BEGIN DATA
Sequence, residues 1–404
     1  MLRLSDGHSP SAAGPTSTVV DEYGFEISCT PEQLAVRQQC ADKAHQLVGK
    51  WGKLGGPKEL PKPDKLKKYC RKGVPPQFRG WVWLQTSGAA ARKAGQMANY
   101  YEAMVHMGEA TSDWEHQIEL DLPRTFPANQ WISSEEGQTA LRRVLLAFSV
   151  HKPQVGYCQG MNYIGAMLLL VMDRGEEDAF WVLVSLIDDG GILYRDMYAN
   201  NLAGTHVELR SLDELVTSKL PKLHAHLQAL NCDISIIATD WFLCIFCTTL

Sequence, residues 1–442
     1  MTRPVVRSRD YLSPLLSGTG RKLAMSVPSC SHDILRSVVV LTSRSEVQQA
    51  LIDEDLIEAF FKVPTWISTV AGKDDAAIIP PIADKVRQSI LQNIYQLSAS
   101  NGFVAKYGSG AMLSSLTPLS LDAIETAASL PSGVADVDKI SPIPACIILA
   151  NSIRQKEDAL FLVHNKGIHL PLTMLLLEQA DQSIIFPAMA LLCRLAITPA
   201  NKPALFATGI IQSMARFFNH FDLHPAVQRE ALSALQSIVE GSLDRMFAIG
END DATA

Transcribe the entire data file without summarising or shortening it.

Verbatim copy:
Sequence, residues 1–404
     1  MLRLSDGHSP SAAGPTSTVV DEYGFEISCT PEQLAVRQQC ADKAHQLVGK
    51  WGKLGGPKEL PKPDKLKKYC RKGVPPQFRG WVWLQTSGAA ARKAGQMANY
   101  YEAMVHMGEA TSDWEHQIEL DLPRTFPANQ WISSEEGQTA LRRVLLAFSV
   151  HKPQVGYCQG MNYIGAMLLL VMDRGEEDAF WVLVSLIDDG GILYRDMYAN
   201  NLAGTHVELR SLDELVTSKL PKLHAHLQAL NCDISIIATD WFLCIFCTTL

Sequence, residues 1–442
     1  MTRPVVRSRD YLSPLLSGTG RKLAMSVPSC SHDILRSVVV LTSRSEVQQA
    51  LIDEDLIEAF FKVPTWISTV AGKDDAAIIP PIADKVRQSI LQNIYQLSAS
   101  NGFVAKYGSG AMLSSLTPLS LDAIETAASL PSGVADVDKI SPIPACIILA
   151  NSIRQKEDAL FLVHNKGIHL PLTMLLLEQA DQSIIFPAMA LLCRLAITPA
   201  NKPALFATGI IQSMARFFNH FDLHPAVQRE ALSALQSIVE GSLDRMFAIG